Civil Rights Law Protects LGBTQ Workplace Rights, Supreme Court Rules

June 15, 2020, 6:58 AM HST (Updated June 15, 2020, 6:58 AM)

Pride flag. PC: Pixabay

The United States Supreme Court on Monday ruled that the Civil Rights Act protects gay, lesbian, and transgender workers from being fired based on their sexualities.

Specifically, the protections are rooted in Title VII of the Civil Rights Act of 1964, which prohibits discrimination of any kind based on a person’s sex. President Donald Trump’s administration attempted to argue before the court that sex-based discrimination protections did not apply to a person’s sexual orientation or gender identity. In a 6-3 decision, the highest legal authority in the country disagreed.

“An employer who fires an individual for being homosexual or transgender fires that person for traits or actions it would not have questioned in members of a different sex,” Justice Niel Gorsuch wrote in the decision.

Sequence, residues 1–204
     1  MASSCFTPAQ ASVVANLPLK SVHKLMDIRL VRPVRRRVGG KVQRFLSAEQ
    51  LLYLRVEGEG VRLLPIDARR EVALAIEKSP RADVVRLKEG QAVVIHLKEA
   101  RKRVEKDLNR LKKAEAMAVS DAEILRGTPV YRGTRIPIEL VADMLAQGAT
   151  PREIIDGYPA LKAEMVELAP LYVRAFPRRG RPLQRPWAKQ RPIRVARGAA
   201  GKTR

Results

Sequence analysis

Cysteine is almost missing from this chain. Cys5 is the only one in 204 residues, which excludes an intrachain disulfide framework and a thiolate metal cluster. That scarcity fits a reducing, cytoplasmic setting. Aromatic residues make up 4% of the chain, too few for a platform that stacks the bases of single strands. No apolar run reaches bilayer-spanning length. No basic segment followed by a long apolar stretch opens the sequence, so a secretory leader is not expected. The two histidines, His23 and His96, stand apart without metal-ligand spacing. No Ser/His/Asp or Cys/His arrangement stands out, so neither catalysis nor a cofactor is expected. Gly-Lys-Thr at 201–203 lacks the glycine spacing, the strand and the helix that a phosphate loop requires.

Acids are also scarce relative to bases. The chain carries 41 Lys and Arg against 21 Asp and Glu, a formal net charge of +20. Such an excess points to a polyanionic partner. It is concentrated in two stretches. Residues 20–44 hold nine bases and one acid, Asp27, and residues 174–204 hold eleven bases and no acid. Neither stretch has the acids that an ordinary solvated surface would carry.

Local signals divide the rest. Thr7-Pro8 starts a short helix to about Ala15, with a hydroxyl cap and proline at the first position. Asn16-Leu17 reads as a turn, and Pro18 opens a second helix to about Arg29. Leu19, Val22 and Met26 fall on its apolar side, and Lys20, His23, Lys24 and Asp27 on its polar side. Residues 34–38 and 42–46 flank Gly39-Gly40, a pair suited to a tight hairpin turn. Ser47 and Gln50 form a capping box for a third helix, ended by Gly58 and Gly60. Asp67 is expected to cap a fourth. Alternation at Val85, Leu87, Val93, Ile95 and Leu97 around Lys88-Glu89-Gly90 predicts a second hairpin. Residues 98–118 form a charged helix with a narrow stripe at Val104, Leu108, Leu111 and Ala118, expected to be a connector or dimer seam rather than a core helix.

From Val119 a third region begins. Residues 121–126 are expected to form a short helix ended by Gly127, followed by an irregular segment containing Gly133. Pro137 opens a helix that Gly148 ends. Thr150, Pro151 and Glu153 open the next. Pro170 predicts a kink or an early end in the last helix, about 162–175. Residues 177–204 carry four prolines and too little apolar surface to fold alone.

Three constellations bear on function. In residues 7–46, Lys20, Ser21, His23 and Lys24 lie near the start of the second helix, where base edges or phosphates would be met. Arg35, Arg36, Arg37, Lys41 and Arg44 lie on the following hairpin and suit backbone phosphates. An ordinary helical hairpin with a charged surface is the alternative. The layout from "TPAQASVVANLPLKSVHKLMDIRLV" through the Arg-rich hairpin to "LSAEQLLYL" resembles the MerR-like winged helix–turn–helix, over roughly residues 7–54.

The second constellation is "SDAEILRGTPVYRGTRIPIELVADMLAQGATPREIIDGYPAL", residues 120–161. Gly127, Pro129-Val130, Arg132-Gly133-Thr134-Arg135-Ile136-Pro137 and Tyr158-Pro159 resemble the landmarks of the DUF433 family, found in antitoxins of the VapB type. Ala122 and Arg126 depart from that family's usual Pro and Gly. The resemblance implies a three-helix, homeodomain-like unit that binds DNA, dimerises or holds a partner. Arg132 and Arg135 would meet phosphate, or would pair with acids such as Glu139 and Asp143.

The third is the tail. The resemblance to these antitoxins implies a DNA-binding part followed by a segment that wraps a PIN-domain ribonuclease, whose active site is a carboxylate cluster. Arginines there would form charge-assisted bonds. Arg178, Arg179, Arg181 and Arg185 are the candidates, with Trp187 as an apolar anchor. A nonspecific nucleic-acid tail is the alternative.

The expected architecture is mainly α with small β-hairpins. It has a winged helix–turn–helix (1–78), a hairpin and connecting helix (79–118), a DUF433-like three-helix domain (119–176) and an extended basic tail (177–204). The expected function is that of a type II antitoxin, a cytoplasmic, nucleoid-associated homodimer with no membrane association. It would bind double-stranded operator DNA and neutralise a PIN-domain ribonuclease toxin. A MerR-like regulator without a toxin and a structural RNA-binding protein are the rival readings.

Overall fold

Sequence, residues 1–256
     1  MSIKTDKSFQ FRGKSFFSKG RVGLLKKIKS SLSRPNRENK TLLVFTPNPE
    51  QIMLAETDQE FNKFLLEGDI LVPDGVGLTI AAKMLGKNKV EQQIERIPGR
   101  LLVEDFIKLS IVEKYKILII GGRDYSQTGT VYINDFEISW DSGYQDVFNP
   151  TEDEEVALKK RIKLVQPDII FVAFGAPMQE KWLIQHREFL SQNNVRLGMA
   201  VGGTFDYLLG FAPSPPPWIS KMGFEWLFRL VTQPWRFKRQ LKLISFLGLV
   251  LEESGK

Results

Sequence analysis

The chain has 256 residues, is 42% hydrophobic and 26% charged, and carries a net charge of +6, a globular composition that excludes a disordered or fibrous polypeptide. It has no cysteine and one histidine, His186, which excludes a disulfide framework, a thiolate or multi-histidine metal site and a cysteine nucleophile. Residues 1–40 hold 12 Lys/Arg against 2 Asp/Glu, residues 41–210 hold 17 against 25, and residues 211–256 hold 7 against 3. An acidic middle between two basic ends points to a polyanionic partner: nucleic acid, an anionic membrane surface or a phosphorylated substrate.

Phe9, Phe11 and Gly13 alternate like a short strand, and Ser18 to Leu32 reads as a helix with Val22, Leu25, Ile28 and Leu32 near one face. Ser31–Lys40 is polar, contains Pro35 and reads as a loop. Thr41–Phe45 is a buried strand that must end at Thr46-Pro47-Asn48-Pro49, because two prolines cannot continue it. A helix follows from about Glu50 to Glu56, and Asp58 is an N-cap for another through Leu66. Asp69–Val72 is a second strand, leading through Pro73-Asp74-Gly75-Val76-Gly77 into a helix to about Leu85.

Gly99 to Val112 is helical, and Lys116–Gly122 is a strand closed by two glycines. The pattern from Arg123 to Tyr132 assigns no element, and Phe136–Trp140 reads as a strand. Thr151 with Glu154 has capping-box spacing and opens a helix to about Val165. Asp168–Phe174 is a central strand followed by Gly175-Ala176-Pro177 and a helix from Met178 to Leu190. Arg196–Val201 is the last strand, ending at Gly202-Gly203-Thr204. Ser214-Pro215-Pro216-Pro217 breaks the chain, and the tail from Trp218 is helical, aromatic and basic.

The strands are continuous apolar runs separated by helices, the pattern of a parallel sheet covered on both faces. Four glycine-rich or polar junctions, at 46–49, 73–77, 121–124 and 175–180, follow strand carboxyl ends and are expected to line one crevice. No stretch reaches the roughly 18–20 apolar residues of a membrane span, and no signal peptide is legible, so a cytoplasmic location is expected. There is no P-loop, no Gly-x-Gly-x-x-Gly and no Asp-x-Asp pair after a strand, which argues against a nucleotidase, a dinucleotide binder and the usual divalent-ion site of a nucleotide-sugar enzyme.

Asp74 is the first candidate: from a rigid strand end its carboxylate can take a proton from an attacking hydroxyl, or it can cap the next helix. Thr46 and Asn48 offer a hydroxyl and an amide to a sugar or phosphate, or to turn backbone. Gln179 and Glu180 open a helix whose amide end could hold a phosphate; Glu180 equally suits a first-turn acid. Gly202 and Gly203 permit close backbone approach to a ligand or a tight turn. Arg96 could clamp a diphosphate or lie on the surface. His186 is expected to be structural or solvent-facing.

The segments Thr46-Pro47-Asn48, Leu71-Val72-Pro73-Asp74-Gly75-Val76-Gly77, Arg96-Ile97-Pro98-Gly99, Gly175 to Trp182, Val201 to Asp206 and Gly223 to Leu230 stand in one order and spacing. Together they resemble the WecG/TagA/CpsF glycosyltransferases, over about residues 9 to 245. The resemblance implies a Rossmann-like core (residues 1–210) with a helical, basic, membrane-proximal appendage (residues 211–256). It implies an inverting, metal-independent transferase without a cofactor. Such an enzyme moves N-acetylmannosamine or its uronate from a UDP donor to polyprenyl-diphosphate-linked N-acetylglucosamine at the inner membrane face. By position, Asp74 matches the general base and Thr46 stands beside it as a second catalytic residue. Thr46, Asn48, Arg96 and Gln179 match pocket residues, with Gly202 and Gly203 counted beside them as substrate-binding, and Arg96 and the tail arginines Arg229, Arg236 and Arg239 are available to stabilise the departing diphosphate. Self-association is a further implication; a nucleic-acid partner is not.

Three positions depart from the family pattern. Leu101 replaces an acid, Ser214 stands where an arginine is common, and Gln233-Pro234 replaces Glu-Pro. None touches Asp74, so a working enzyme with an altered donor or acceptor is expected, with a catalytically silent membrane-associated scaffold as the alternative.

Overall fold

Gorsuch and Chief Justice John Roberts joined the Supreme Court’s four liberal-leaning justices to comprise the majority ruling.


“An employer who fires an individual merely for being gay or transgender defies the law,” the decision stated.

There are more than 8 million LGBTQ individuals currently working in the US whose jobs will be protected by Monday’s result.


Share this Article

Get Weekly Updates

Get a quick summary of what's happening on Hawaii with our weekly email of news highlights:

View Comments